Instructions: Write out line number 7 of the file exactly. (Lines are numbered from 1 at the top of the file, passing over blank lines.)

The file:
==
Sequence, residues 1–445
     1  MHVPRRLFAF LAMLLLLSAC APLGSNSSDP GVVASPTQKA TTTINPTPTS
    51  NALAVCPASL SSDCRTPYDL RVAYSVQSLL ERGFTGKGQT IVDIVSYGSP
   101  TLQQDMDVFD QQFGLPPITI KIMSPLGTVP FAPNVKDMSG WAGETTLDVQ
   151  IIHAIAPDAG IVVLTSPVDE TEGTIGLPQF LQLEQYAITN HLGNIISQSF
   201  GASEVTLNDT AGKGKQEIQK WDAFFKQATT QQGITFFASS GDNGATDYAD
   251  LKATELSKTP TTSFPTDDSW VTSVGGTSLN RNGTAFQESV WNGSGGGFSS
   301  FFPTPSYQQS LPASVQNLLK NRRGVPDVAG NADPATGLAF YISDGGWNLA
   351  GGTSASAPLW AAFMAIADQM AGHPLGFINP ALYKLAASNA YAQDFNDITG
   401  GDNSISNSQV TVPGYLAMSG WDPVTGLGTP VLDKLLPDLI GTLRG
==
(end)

   251  LKATELSKTP TTSFPTDDSW VTSVGGTSLN RNGTAFQESV WNGSGGGFSS